By now you have no doubt had a chance to digest the news of the terror attacks in Paris. They were shocking in both scope and audacity, and are worthy of the world’s condemnation. What is troubling, though, is how the pundits are queueing up to hijack the event in order to buttress their positions on the thorny subject of terrorism – or more correctly, how it relates to privacy. This is in no way is meant to diminish the clear and present danger that terrorism presents, but merely underscores the importance of taking the long view when protecting our hard earned freedoms.
François Hollande, who was, as expected, among the first to react to the news, denouncing as the attacks an “act of war” that must be countered “mercilessly”. But if the first casualty of war is the truth then, in this battle, the balance between privacy and security will be second, and will be sorely tested and threatened. Politicians and columnists alike are scrambling to capitalize on the conflagration.
Predictably, the first knee-jerk reactions are from the pro-gun advocates who lament Parisians not packing enough personal firepower that might have thwarted the attempt or mitigated the carnage. Not to be outdone, the anti-immigration crowd has weighed in with their righteous indignation, feeling vindicated for their position on the issue of the alarming flow of refugees into Europe.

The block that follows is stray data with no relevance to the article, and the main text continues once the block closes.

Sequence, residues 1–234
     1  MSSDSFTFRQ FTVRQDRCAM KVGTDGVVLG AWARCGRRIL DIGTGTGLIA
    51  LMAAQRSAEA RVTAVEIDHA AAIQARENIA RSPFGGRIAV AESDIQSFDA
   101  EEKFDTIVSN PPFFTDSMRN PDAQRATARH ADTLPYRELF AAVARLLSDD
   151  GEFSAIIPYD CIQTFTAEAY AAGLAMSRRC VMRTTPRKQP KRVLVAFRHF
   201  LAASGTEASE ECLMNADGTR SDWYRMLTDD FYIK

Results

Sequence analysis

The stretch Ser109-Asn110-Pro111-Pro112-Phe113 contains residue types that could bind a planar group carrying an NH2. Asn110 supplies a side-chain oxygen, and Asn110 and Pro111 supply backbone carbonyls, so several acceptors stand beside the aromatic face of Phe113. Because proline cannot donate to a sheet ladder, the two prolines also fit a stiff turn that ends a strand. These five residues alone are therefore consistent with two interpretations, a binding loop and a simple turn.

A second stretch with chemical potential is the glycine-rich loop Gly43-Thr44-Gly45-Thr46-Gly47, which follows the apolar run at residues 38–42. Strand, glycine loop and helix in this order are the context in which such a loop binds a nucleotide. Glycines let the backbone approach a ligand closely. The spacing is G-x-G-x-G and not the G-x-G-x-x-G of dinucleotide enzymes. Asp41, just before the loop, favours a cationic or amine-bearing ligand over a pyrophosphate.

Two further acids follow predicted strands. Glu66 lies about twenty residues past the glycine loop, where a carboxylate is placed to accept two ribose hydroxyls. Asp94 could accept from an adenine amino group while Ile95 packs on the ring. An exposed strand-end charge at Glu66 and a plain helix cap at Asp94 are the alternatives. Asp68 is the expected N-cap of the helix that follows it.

While those arguments merit airing, make no mistake about the other major issue on the table – government surveillance of private citizens. One faction will decry the terrorist’s brazenness and impertinence, using the attacks as a clarion call for stronger surveillance measures (read: less privacy). The pro-privacy cabal will point out that, despite the bloated, overzealous surveillance apparatus that exists today, the planning and execution of the assault went undetected. They will argue that better use of the information already collected is the culprit, rather than gathering more information. Both assessments merit thought and intelligent debate before being dismissed willy-nilly.
Lurking not too far from the periphery of this controversy are those who beat the drums of greater military intervention, and who will seize the moment to justify more military might, while systematically dismissing the decades of futility, and the cost in men and material such debacles as Iraq, Afghanistan, Libya and Syria are responsible for. Remember that greater surveillance and loss of liberties go hand-in-glove with military build-up and intervention. The danger is that this argument may be over-amplified and exaggerated in the political polemic playing out in the capitals of Europe, as well as in the US presidential primary politics.
In all these situations, privacy is likely to get short-shrift, and what momentum has been achieved might be slowed, if not reversed, unless we are measured in our response to the madness emanating from the Middle East, and spreading to distant shores. We need to step back and assess our priorities, to ensure the pendulum of privacy keeps swinging in the right direction, and is not trampled in the stampede for swift retribution for the attacks.